The Catalonia Question by Giovanni Di Stefano

On the 27 October 2017 Catalonia declared independence from the Kingdom of Spain. To understand what has happened it is necessary to fully understand the history of Catalonia.

The main protagonists and dates need to be checked but this is how the whole saga started.

In the mid-ninth century, the Count of Barcelona was a man called Wilfred the Hairy and he united four Catalan federal counties. Eventually – a phrase coined by many current political leaders – Catalonia became an independent region with its own particular language, laws, and customs.

In the mid-eleventh century, 1150, Petronila Queen of Aragon and the Count of Barcelona, a man called Ramon Berenguer IV formed their own kind of dynasty. The US actor Tom Berenguer is thought to be a relative of the Count of Barcelona. The marriage produced an ‘issue’ (child) called Alfonso II who became the King of Aragon and ruled both Aragon and Catalonia, although Catalan had its own autonomy.

Two hundred years later in 1359, Catalonia formed its own parliament – one of the first in Europe – and it was known as a Generalitat.

Palace of the Generalitat of Catalonia.

A hundred and more years later in 1469, Queen Isabella of Castile y Lyon married King Ferdinand of Aragon thus, uniting what were then two major Crowns leaving Portugal in the west, the Muslim Caliphate of Granada in the south, and the Kingdom of Navarre in the north. Soon thereafter Queen Isabella and King Ferdinand conquered both Navarre and Granada.

The wedding portrait of Ferdinand and Isabella, c. 1469.

However, throughout this period of turmoil, war, and killings, Catalonia remained autonomous with its own courts, laws and separate political institutions.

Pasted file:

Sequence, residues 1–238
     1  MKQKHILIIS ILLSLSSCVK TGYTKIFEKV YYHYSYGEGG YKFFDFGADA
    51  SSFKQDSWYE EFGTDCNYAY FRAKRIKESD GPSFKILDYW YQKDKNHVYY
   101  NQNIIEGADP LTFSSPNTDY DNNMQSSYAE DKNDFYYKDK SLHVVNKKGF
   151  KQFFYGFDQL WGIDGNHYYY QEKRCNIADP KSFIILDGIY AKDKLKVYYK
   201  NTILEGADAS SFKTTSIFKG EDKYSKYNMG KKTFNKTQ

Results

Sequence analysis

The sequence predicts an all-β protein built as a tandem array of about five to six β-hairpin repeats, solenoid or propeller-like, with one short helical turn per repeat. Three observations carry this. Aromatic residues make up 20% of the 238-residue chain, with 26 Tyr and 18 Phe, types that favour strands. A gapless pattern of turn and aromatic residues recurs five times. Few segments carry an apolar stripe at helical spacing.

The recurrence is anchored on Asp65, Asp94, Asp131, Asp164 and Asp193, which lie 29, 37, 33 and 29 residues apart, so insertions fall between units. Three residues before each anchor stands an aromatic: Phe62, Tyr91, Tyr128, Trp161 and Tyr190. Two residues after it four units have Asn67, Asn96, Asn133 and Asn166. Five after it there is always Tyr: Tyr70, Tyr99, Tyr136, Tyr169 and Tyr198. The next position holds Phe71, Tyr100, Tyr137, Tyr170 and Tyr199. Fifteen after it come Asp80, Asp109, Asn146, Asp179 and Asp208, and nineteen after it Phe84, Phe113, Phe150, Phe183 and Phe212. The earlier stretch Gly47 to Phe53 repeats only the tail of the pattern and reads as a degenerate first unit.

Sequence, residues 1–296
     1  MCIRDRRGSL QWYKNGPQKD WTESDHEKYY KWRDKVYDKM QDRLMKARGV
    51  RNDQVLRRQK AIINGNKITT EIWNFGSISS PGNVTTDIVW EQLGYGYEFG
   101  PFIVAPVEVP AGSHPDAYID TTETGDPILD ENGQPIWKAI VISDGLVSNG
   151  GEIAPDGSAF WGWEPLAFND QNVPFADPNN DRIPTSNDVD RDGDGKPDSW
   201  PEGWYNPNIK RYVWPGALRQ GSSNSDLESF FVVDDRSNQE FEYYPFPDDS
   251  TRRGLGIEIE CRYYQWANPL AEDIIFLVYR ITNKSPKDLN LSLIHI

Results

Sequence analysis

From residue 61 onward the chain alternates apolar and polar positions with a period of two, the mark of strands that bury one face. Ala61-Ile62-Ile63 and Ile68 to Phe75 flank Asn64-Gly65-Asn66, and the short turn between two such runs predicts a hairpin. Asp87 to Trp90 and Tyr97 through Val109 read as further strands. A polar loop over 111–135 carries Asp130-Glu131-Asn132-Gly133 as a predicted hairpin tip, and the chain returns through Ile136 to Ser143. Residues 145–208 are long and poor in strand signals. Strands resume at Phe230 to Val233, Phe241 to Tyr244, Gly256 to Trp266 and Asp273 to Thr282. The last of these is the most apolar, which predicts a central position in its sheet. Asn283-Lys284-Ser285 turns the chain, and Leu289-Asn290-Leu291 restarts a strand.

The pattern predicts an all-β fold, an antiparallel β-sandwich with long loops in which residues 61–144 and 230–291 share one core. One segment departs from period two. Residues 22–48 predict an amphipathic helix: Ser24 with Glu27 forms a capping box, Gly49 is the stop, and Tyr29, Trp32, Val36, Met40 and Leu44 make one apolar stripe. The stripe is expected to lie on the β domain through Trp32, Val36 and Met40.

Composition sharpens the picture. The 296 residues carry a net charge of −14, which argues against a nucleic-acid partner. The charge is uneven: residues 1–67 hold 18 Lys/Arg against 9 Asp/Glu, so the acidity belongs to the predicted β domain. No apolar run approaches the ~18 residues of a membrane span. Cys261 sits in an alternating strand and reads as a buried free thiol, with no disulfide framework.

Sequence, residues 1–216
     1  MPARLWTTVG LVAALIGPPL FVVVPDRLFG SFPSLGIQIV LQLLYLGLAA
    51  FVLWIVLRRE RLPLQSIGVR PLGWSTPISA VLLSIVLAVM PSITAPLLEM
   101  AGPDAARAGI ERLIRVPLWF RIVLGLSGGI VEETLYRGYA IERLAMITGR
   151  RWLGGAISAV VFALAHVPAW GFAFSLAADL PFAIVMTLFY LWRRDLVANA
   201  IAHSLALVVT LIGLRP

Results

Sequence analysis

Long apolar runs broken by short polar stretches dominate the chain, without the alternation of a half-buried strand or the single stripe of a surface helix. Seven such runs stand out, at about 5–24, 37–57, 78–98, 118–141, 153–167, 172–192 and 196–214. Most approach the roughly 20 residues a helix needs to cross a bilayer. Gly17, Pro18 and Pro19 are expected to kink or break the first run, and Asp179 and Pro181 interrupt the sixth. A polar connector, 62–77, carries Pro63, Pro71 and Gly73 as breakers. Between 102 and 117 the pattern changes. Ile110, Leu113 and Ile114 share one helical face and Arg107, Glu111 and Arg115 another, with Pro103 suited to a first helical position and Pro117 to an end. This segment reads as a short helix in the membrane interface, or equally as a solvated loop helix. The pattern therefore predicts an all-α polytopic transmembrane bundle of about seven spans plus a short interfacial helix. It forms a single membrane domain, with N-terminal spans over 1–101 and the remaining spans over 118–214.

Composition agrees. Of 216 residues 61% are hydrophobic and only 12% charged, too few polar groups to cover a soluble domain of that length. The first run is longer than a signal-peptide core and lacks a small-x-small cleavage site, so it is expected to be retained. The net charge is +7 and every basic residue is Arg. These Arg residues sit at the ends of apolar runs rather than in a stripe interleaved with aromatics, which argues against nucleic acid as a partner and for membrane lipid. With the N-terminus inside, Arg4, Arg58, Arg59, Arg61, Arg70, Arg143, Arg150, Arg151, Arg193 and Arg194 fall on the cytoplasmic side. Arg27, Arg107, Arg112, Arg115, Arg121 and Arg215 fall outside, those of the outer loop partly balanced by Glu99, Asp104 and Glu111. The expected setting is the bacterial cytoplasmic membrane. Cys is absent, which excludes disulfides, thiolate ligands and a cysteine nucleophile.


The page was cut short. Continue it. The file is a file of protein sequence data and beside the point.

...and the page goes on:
Incredibly this state of affairs lasted until King Philip V (the Bourbon King) came to reign the Kingdom of Spain right from 1700 until 1746.

Tragedy then befell Catalonia because when the war of the Spanish succession took place which saw a rival claimant to the Spanish throne in Philip of France the Catalans backed the wrong side and were defeated in 1714.

For the next two hundred years subsequent Kings all tried to impose the Spanish language and laws on Catalonia but in 1931 the King restored the Generalitat (the national Catalan government) and autonomy.

There then followed what all know as the Spanish Civil War when General Franco took total control and it had to be said systematically killed 3,500 people and many more. The Catalonia separatists were suppressed, jailed or killed and the Catalonian President LLuis Companys was shot for dissent in 1940 and Castilian Spanish was the only language allowed by law.

When General Franco died the Kingdom of Spain was restored and in 1977 Catalonia was granted some autonomy and democracy returned. Year by year calls for a complete independence grew until July 2010 the Constitutional Court in Madrid overruled part of the 2006 Autonomy Statue on the basis that it had no legal standing and there was no legal basis for recognizing Catalonia as a Nation.

From then until now the Spanish economic crisis has only granted leave and fuelled the calls for independence, especially as Barcelona effectively is the economic foundation of Spain.

All of that has led to the declaration of independence on 27 October 2017. This, however, de jure has no legal basis but de facto may well invoke another Civil War.











Giovanni Di Stefano

27 October 2017

NB: Some images retrieved from Google, will remove at owner’s request.